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Climate-equitable water

23 September 2019 By Dr. Peter Gleick, Gary White, Matt Damon

The failure to meet basic needs for safe water and sanitation worldwide is one of the great tragedies of our age, with billions of people paying the price in illness and poverty. The international community and countless local activists are currently engaged in a renewed drive to end the global water crisis. As corporate executives, investors and politicians from around the world descend on New York City this week to debate the future of the environment, however, we must confront the fact that the water crisis is on a collision course with another great tragedy: the chaos that our economic system has unleashed on the Earth’s climate.

In the run-up to the UN Climate Action Summit now underway in New York, our organizations, Water.org and the Pacific Institute, have been examining the connections between climate change and Water.org and WaterEquity’s mission: to empower people to invest in providing access to clean water and sanitation. Our research reinforces the conclusion that water action must be part of climate action, or else it will be part of the problem. Universal water and sanitation, as a promise, is inextricably tied to the climate future that our investments are building. Innovative investment tools like climate finance facilities, microfinance, bonds and insurance can get us closer to meeting that promise.

Meeting water and sanitation needs has traditionally required substantial energy, resulting in the emission of greenhouse gases. The water sector accounts for 4% of national electricity use in the United States, more than 9% in India and China. A recent Pacific Institute assessment using International Energy Agency data predicts that meeting the United Nations sustainable development goal of water and sanitation for everyone will double the water sector’s energy needs between 2014 and 2030. That’s largely due to an increase in energy-intensive seawater desalination, large-scale water-transfer projects and collection and treatment of wastewater.

The dream of universal safe water, though, does not need to come at the expense of the climate. We can meet both water and climate needs with smart investments.

A crucial part of this is to look for anywhere water is lost or wasted. Improvements in water efficiency can simultaneously reduce pressure on overdrawn and scarce water resources while providing services to more people. This includes plugging the massive leaks in many water systems out of which escapes an estimated 20% of the water distributed in the developing countries where Water.org works. And it means better managing groundwater to reduce unsustainable use, pumping costs and drying up of wells. In India, for example, groundwater levels are falling fast, and every 10-meter drop in the water table will demand extra pumping power equivalent to four new 500-megawatt power plants.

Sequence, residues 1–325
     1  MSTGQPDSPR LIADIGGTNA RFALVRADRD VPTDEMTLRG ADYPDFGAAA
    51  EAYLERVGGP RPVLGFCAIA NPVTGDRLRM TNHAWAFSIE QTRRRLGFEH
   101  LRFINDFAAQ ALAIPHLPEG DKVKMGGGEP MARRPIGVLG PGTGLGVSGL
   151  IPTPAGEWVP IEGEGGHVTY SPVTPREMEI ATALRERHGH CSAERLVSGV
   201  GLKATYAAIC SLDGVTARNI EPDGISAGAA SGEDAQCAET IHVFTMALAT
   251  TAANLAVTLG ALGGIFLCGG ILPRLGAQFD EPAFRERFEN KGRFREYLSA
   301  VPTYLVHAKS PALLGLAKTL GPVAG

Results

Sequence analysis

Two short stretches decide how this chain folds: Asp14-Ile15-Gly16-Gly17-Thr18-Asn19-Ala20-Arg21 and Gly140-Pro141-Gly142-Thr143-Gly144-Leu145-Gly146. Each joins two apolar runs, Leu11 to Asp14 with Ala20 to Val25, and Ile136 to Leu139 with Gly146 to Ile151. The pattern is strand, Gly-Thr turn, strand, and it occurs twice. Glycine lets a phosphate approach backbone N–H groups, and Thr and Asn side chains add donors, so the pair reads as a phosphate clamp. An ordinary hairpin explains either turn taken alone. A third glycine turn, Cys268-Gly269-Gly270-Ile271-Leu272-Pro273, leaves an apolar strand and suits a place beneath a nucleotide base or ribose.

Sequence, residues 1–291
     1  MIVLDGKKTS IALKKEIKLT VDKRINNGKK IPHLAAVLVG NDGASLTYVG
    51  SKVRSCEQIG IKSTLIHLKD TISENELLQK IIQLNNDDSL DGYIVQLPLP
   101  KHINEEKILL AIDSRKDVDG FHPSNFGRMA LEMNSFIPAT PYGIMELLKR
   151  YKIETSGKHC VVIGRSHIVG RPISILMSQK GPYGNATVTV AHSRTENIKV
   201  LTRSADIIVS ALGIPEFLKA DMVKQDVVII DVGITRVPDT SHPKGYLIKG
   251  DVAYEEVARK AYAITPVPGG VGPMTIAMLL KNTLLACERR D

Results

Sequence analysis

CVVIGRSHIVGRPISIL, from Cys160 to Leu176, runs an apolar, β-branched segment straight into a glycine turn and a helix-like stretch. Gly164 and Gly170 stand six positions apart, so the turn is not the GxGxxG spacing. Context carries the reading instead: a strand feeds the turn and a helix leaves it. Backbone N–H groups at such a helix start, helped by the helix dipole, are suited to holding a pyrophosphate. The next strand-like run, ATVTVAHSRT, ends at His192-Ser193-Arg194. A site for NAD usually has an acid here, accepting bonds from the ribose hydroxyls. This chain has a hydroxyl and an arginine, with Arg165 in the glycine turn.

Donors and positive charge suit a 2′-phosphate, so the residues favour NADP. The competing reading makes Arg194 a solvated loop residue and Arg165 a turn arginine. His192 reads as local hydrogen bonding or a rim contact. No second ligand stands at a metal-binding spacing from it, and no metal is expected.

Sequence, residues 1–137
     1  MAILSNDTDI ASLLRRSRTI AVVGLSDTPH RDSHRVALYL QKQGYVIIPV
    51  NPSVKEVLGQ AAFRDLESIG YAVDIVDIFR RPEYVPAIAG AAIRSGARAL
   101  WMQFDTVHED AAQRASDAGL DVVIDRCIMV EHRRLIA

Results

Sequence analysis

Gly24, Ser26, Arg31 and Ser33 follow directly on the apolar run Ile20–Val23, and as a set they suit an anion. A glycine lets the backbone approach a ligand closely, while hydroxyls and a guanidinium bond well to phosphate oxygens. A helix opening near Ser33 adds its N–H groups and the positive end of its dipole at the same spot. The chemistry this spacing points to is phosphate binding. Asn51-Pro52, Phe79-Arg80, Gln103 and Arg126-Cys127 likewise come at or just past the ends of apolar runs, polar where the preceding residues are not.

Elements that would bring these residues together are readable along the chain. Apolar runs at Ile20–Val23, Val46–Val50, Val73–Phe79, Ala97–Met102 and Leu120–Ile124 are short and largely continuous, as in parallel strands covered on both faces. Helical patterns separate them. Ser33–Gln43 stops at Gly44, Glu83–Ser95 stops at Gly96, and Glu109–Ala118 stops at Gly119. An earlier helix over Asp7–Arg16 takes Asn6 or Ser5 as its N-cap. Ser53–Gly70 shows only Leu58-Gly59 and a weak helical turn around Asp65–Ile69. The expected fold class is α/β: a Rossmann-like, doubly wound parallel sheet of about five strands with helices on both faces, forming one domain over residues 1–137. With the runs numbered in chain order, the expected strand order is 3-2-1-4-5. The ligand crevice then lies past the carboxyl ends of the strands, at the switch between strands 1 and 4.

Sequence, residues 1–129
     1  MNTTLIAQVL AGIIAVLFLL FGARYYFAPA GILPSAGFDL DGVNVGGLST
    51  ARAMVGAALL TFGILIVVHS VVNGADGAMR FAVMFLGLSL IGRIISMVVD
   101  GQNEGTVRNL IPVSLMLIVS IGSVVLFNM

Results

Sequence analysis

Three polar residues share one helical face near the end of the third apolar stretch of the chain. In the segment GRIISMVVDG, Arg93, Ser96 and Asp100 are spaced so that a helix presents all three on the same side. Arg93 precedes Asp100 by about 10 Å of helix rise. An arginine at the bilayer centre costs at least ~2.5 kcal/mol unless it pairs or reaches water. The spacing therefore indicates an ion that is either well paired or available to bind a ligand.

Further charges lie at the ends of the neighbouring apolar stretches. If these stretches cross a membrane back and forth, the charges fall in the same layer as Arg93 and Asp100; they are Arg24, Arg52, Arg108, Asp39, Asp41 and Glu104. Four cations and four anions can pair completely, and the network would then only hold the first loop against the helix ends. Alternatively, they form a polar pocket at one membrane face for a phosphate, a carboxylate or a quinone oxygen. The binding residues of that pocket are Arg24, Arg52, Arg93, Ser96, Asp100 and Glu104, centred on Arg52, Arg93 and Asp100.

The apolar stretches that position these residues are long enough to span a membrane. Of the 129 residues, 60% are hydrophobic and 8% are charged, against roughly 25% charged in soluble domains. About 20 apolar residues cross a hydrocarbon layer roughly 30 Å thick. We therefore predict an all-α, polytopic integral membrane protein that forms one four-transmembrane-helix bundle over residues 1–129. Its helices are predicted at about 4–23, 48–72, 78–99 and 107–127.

Another answer is to shift our water and sanitation systems away from fossil fuels to renewables. In fact, sanitation systems even have the potential to go beyond carbon neutrality: The energy flushed away in domestic wastewater is far greater than the energy required to treat it; if this can be harnessed, sanitation systems would become a power source.

It may sound like an easy choice to redirect investments into smarter, greener, less wasteful water solutions, but there’s a caveat. We must start at the base of the economic pyramid where water and energy development are most needed. People living in poverty already lack safe water and sanitation, and they are the most vulnerable to the droughts, floods, storms and rising seas that climate change is bringing. They will stay vulnerable if planners and investors continue to ignore climate change and build the wrong systems in the wrong places, wasting money, time and lives. If smart green systems are just for the better-off, the injustices that lie beneath the water crisis will only grow deeper.

At the base of the economic pyramid, we believe smarter finance will be just as important, and maybe more so, than smarter plumbing in solving the water crisis without fueling the climate crisis. And smarter financing is available: More than $463 billion is currently held in climate-change investment funds according to the Climate Policy Initiative.

Water.org has already helped catalyze nearly $2 billion in microfinance to empower 22 million people with water and sanitation solutions. The repayment rate on the loans is a remarkable 99%, better than U.S. banks generally expect from domestic borrowers.

Microfinance is also suited to support utilities to reduce water loss and emissions and help poor communities most vulnerable to climate change to adapt to climate shocks. Green bonds can support low-carbon, climate-resilient investment in utilities and are currently underutilized: They represent just 2.5% of all new debt issued last year, based on data from Dealogic and the Climate Bonds Initiative. Pooled bonds can facilitate the efforts of smaller water-service providers to access capital markets, lowering their riskiness and raising their creditworthiness. Innovative insurance can cushion vulnerable low-income groups and small farmers.

It will cost far less to do this right than to fail to do it at all.

(Dr. Peter Gleick is a co-founder of the Pacific Institute, where he now serves as president emeritus. Gary White and Matt Damon are the co-founders of Water.org and WaterEquity.)

(Gary White will be a panelist at Reuters Breakingviews’ Climate Week event on Sept. 24, Aquanomics: Water, Wall Street and Climate Change.)

 

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